Does the removal of contact precautions for MRSA and VRE infected patients change health care-associated infection rate?: A systematic review and meta-analysis

Update existing meta-analysis to analyze if discontinuation of contact precautions (CPs) for Methicillin-resistant Staphylococcus aureus (MRSA) and Vancomycin resistant Enterococcus (VRE) colonization or infection affects hospital-associated MRSA or VRE infection rates. We conducted a systematic review of 17 studies evaluating discontinuation of CPs for MRSA and VRE. Random-effects and fixed-effects models were used to determine the pooled risk ratios (RR) of preincidence hospital-associated infection rate to postincidence rate. Subgroup analysis was used to assess sources of heterogeneity. No significant difference between rates of hospital-associated MRSA infection before and after stopping the CPs was observed (RR, 0.84; 95% confidence internal [CI], 0.71-1.01; P =.06). An inverse association was observed between discontinuation of CPs and rates of hospital-associated VRE infection (RR, 0.82; 95% CI, 0.72-0.94; P =.005). A subgroup analysis of 6 studies that used chlorhexidine, showed no difference between rates of hospital-associated MRSA infection with discontinuation of CPs (RR, 0.83; 95% CI, 0.69-1.00; P =.05). In 5 studies that did not use chlorhexidine, there was no difference between rates of hospital-associated MRSA infection with discontinuation of CPs (RR, 1.02; 95% CI, 0.55-1.88; P =.95). There was no significant difference in rates of hospital-associated MRSA infection before and after removing CPs. Additionally, there were decreased rates of hospital-associate...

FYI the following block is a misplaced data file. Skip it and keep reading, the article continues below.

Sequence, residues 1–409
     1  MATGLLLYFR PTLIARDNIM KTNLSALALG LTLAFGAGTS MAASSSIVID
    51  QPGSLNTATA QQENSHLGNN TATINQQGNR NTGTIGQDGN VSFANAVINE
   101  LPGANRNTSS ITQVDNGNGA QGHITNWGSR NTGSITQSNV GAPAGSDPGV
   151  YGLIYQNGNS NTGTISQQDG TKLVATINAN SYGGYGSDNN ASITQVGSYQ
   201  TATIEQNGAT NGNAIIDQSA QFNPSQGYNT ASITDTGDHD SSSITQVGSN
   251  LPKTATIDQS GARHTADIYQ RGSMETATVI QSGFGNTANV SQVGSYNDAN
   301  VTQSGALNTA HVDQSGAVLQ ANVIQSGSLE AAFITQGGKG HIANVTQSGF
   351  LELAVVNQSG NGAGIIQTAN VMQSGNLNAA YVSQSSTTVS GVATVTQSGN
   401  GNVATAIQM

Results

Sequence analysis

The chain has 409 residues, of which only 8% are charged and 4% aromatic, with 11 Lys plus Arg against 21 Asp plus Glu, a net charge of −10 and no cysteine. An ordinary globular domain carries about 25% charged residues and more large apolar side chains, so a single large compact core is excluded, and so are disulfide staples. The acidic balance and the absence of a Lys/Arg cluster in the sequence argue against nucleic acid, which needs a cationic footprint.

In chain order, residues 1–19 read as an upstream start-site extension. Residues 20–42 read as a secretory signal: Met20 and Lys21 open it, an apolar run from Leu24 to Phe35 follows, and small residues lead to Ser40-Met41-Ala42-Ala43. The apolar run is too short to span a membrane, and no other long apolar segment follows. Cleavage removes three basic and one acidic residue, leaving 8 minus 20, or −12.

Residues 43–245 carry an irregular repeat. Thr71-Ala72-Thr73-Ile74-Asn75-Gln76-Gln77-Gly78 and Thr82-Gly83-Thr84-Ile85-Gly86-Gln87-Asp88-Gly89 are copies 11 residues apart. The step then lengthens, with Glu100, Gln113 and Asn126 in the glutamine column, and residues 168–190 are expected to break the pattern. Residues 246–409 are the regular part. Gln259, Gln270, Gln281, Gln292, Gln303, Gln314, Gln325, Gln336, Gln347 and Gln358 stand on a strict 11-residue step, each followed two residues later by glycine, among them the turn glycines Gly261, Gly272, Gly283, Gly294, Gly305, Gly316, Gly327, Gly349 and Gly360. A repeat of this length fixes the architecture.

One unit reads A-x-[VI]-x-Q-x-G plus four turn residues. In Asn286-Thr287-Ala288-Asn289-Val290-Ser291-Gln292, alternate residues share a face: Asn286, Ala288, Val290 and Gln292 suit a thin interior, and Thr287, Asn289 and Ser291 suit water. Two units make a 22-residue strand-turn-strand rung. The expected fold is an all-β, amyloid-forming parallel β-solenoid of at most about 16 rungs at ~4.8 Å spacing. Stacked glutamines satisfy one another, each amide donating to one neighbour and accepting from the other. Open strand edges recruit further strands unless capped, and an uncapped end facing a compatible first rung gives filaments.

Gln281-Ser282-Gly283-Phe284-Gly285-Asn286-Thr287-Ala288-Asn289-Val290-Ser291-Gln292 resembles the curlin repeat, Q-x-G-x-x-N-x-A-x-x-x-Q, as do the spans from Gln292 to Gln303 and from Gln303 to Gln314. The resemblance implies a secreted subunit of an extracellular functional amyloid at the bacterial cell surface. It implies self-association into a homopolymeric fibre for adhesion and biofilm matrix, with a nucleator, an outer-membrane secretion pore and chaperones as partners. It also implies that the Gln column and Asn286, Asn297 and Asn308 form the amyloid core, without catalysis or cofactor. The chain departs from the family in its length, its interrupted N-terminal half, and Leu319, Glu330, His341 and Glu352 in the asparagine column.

Source: Current Awareness Service for Health (CASH) - Category: Consumer Health News Source Type: news